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Bloomberg Quicktake: Now published this video item, entitled “Covid-19: Why is Covid Devastating India?” – below is their description.
For months, developed economies have hoarded Covid-19 vaccines and the raw materials needed to make them. Now, they’re being forced to act as an explosive outbreak in India raises the risk of new virus mutations that could threaten the wider world.
Under mounting criticism for dominating vaccine resources, the U.S. said this week that it will help India by sending items needed to manufacture vaccines as part of an aid package. European countries are also pledging help as new cases in the South Asian country smash world records. President Joe Biden’s administration is separately vowing to share its stockpile of AstraZeneca Plc vaccines — which the U.S. hasn’t even approved for use — and meeting with drug companies about boosting supply and waiving intellectual property protections on Covid-19 shots, a shift India and South Africa have been pushing for.
The moves show a growing realization that the vaccine nationalism many wealthy nations have embraced has the potential to backfire, prolonging the global pandemic. While those countries have been cornering supplies of the first vaccines for their world-leading rollouts, places like India have run short, allowing the virus to run wild. Some scientists have linked the nation of 1.3 billion people’s second wave to a more virulent strain, with the out-of-control outbreak providing a petri dish for further mutations to evolve that could challenge the vaccines now being distributed from the U.K. to Israel.
“There is certainly potential for new variants to emerge in a country the size of India that could pose a threat elsewhere,” said Ramanan Laxminarayan, founder of the New Delhi and Washington-based Center for Disease Dynamics, Economics & Policy. “It is in the world’s interest to ensure that India exits the pandemic at the earliest, and vaccination is the only way.”
While viruses undergo changes all the time, not all are significant. But some new strains in other parts of the world have ignited concerns because they could be more contagious. Earlier this year, data showed that AstraZeneca’s vaccine was less effective against one variant that emerged in South Africa.
India’s variant — a strain named B.1.617 — is already raising alarms. It has two critical mutations that make it more likely to transmit and escape prior immunity that has been built up, Anurag Agrawal, the director of India’s Council of Scientific and Industrial Research’s genomics institute, told Bloomberg last week.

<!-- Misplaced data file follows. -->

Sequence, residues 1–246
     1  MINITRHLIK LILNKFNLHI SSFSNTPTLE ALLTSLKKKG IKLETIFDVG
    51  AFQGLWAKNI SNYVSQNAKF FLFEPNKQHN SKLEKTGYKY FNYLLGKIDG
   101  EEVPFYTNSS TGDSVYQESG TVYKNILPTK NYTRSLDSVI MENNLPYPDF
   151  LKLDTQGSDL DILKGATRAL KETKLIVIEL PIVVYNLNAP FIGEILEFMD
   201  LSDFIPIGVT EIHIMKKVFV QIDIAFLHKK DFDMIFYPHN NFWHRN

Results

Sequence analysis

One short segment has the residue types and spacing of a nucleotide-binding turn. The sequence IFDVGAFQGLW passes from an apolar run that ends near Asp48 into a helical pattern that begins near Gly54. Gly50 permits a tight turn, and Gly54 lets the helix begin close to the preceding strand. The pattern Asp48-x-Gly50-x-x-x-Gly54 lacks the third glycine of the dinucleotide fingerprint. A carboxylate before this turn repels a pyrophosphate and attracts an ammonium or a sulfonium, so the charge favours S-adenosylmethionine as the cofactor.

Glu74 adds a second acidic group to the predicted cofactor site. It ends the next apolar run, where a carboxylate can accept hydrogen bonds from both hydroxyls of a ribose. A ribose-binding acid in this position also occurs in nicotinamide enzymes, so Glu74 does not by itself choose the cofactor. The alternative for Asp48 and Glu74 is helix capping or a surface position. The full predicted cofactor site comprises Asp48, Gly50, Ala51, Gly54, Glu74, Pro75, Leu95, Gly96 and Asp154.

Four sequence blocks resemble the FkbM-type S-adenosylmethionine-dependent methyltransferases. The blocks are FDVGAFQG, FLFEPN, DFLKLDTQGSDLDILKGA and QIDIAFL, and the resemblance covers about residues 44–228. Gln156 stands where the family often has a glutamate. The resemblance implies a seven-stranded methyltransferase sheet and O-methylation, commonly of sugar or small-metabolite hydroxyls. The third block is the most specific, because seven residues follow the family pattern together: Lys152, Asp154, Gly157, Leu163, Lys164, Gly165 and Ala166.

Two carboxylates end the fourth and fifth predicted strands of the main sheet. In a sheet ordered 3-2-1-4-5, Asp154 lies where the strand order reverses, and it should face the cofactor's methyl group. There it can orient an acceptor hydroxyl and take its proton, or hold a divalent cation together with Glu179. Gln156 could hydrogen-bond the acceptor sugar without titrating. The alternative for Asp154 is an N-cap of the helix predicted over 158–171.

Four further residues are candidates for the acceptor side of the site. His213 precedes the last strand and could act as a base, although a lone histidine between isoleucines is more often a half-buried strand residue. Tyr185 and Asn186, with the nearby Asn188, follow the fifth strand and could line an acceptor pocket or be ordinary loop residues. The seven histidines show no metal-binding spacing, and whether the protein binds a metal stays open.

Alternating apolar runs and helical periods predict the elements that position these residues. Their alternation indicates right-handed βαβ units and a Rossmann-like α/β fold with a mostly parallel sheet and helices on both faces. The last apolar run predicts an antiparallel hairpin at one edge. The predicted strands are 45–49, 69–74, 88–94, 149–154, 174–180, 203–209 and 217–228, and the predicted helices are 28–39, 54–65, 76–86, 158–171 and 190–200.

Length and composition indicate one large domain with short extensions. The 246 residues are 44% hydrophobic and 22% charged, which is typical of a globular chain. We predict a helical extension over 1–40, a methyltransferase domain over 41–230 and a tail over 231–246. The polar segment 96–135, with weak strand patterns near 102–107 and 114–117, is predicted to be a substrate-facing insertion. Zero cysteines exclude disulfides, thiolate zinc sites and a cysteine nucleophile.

Rakesh Mishra, the director of the Centre for Cellular and Molecular Biology in Hyderabad, one of the labs working to sequence virus samples in India, said this variant appears to be more infectious, but it isn’t likely to cause more deaths.
Also, the AstraZeneca vaccine and another from India’s Bharat Biotech International Ltd. have been shown to be effective against it in preliminary data, he said. India’s health ministry hasn’t confirmed if this variant is more transmissible, and a spokesperson for the federal health ministry could not be immediately reached.
And at the rate infections are occurring in India, B.1.617 won’t be the only or last variant of concern out of India’s second wave.
“I fear there may be more trouble coming,” said William Haseltine, a former Harvard Medical School professor and HIV researcher who now chairs think tank Access Health International. “There are already second and possibly third generation variant of the B.1.617 circulating in India. These may be more dangerous than is the B.1.617 variant itself.”
India’s second wave is certainly more destructive. Hospitals and crematoriums are cracking under pressure, while Indians are begging on social media for everything from oxygen cylinders to drugs. Almost 3,000 people are dying every day, with experts saying that figure likely underplays the real toll. The daily death rate is almost double what it was at the height of the first wave, stoking speculation the new variant, or other mutations, are to blame. Brazil, another developing country that has struggled to ramp up vaccines, suffered from a virus strain that’s said to be responsible for a much higher Covid death rate.Bloomberg Quicktake: Now YouTube Channel
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